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Indonesia moves to curb virus surges

Java, Bali face stricter restrictions in latest bid to combat Covid-19 in high-risk areas

Indonesia moves to curb virus surges

A nearly deserted I Gusti Ngurah Rai International Airport in Denpasar, Bali, on Dec. 28. Bali and Java are facing stricter anti-virus measures due to soaring Covid-19 cases. (Photo: Katharina R. Lestari/UCA News)

The Indonesian government will implement tighter measures to fight the coronavirus pandemic by imposing large-scale restrictions on high-risk Java and Bali islands for two weeks, according to a state official.

Coordinating Economic Minister Airlangga Hartarto, who heads the country’s Covid-19 Handling and Economic Recovery Committee, told journalists in Jakarta on Jan. 6 that the measures will be imposed from Jan. 11-25 after dozens of countries around the globe imposed strict lockdowns amid surging cases triggered by a new and more contagious variant of the virus.

He said company offices will be limited to 25 percent capacity, places of worship will be limited to 50 percent capacity and online learning will resume. Meanwhile, shopping malls will be required to close at 7pm and restaurants will be allowed to serve dine-in customers at a maximum of 25 percent capacity.

The restrictions will be imposed on Java and Bali islands because they are considered areas posing the highest infection risk.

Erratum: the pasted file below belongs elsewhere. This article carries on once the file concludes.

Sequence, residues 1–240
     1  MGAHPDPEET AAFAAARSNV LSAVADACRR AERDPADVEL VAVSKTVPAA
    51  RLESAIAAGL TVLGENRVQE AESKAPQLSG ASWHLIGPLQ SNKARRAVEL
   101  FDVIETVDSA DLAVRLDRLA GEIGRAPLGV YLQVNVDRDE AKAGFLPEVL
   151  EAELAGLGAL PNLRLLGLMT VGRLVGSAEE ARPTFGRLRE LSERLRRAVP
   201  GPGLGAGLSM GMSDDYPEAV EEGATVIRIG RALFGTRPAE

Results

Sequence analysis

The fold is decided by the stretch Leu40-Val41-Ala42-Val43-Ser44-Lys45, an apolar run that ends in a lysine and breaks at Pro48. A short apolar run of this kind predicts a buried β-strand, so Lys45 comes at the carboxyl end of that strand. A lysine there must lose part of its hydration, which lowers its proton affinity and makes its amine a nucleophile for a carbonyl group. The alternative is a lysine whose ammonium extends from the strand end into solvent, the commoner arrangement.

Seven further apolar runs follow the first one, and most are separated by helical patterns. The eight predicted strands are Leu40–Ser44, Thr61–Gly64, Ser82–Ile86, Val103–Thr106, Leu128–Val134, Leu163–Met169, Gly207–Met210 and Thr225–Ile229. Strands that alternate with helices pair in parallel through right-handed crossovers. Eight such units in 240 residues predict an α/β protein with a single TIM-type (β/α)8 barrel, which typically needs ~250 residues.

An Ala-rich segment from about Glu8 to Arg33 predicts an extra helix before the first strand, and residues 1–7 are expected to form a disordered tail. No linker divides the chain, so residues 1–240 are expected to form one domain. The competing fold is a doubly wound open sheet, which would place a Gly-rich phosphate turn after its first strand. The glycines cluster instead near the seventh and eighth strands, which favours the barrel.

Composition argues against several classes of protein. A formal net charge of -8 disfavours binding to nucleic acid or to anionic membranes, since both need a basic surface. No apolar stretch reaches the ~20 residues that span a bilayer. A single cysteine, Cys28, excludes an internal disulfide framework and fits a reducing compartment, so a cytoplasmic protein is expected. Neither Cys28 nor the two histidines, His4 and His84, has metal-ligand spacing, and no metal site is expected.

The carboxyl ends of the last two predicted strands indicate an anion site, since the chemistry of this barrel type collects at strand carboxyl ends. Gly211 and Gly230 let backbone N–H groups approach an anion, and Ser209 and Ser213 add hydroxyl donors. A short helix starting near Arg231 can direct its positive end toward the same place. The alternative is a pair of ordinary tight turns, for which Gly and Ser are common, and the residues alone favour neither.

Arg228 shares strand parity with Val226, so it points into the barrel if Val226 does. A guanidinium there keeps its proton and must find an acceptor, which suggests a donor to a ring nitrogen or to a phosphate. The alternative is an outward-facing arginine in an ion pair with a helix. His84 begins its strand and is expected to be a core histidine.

“The government will continue to evaluate the situation and strictly enforce the implementation of health protocols by deploying policemen and military personnel,” the minister said.

Muliawan Margadana, coordinator of the Catholic Network Against Covid-19 group, said the measures were “really needed.”

“The government must ensure that these restrictions are effective by making sure local authorities play a significant role in enforcing the measures,” he told UCA News.

Referring to limits placed on places of worship, Archbishop Robertus Rubiyatmoko of Semarang in Central Java province said his archdiocese’s policy “is still tighter than the government’s planned measures.”

“We have set a limit of only 30 percent,” he said, reminding that Catholics should always pay serious attention to health protocols.

As of Jan. 6, Indonesia had recorded 779,548 Covid-19 cases and 23,109 deaths.

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Meanwhile, the government began distributing the Covid-19 vaccine developed by China’s Sinovac Biotech to all 34 provinces on Jan. 3, according to Indonesian media.

The government has initially set a goal of vaccinating at least 181 million of the country’s 270 million population, with health workers being given top priority. 

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